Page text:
/ Community

Code for Science & Society - Community Call wrap up!

Last week we brought together people from across industries including academia, publishing, and technology for our first community call. We will be hosting these calls every quarter to spread ideas, make connections, and learn about each others projects. As a nonprofit, we work to improve access to knowledge across several domains and this call is a perfect venue for facilitating that.

Did you miss it? You can watch the the recording and view the notes! Follow Dat Project on Twitter or sign up for our email list so you can catch the next one.

Why host a call? We wanted to add another channel for regular project updates and a chance to make our online connections a little more IRL. We have a unique community! We can pull speakers from friendly and interesting projects across multiple domains who may not cross paths but face similar challenges. It's a chance to bring the global community together to interact between conferences and meetups.

We currently support three projects via fiscal sponsorship and are growing an awesome community of technology for the public good projects that span open data, open research, science, peer-to-peer web, and technology for the public good. Central to our mission to bringing people together from different fields to share ideas.

During the call, we hosted three speakers, updates from our sponsored projects, and non-verbal updates from the community:

  • Karissa McKelvey (one of our fantastic new board members!!!) and Stephen Whitmore spoke about Digital Democracy. Digital Democracy’s mission is to empower marginalized communities to use technology to defend their rights. In simple language,they fight for indigenous self-determination through tech & local partnerships. They build tools that work in remote, rural locations that help people defend their land ownership and other rights.

  • Peter van Hardenberg did a demo of PixelPusher. An experiment to really understand the limitations and needs for peer-to-peer applications and data sync. You really need to check out his demo! It was pretty cool to see real-time how collaborative conflict resolution can happen on via a peer-to-peer network.

  • Tara Vancil covered Beaker Browser, a project near and dear to our hearts. If you are following Dat and haven't seen Beaker, you are in for a treat! With Beaker you can browser websites over Dat and so much more! Tara gave some updates and vision of where they are headed.

  • Danielle and Joe did the Dat update, calling out recent work on Dat in the Lab. Stay tuned for an update to the CLI to address data transfer issues for researchers. The new Dat Protocol Working Group is working to formalize existing Dat specification and create processes for updating protocol. This group meets every other Wednesday in #datprotocol IRC - all welcome!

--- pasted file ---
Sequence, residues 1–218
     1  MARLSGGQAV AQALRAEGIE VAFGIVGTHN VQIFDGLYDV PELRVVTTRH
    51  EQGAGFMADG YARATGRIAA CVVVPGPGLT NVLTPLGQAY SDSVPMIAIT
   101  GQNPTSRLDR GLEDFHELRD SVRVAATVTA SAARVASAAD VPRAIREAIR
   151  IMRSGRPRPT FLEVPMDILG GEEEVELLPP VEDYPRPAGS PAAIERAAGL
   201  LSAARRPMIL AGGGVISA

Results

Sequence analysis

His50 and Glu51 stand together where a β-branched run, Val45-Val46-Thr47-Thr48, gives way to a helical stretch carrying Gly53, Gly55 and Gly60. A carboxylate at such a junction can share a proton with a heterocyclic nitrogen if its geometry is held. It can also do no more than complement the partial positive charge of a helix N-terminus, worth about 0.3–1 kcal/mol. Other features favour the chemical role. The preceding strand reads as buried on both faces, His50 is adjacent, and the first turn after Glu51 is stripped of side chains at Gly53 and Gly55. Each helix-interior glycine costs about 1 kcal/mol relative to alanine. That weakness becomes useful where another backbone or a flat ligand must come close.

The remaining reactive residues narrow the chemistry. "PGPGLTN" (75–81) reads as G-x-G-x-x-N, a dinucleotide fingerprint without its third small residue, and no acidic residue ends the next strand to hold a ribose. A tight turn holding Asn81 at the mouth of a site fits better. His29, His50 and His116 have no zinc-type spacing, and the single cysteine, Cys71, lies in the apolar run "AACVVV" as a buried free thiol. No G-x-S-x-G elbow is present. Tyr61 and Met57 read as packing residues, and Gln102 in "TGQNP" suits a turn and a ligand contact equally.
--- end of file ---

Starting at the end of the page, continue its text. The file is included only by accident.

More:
• Nokome Bentley delivered the Stencila update. Stencila aims to make reproducible research more accessible through familiar word processor and spreadsheet interfaces. Check out the (most recent builds)[http://builds.stenci.la/stencila/]. Stencila is also looking to develop function libraries, to make it easier for users to add custom functions and to write domain-specific function libraries that can be used within Stencila. Learn more at the Stencila work in progress libtemplate. And finally, on the interoperability front, chek out Stencila's ongoing work on converters. Initial working version of converters for Jupyter Notebooks, RMarkdown to Stencila Articles (so you can port your markdown notebook and code into a JATS-based article format to write up a publication) are just one exciting thing discussed!

  • ScienceFair's Richard Smith delivered an async update. He's partnered with WorldBrain to work on shared distributed knowledge infrastructure issues. In the process, he's developed blazing fast Dat compatible fulltext search index with WorldBrain in pure JS that scales linearly to millions of documents (expect release in the next month - boom! 🔥🔥🔥). Major work on ScienceFair datasources is underway, including all of PMC. This would mean that theree full-text archive of biomedical and life sciences journal literature maintiained by the U.S. National Institutes of Health's National Library of Medicine (NIH/NLM) would be searchable, annotatable, and sharable. Stay tuned!

A few events were announced on the call:

Thanks to all our speakers, attendees, and extra special thanks to Aurelia Moser and Steph Wright (and the Mozilla Science family) who helped us get organized and live stream the call.

Follow Dat Project on Twitter or sign up for our email list to get notified for the next community call.

Have a project that you want to share on the next call? Let us know! Email [email protected] with information about your project and why our community needs to learn about it.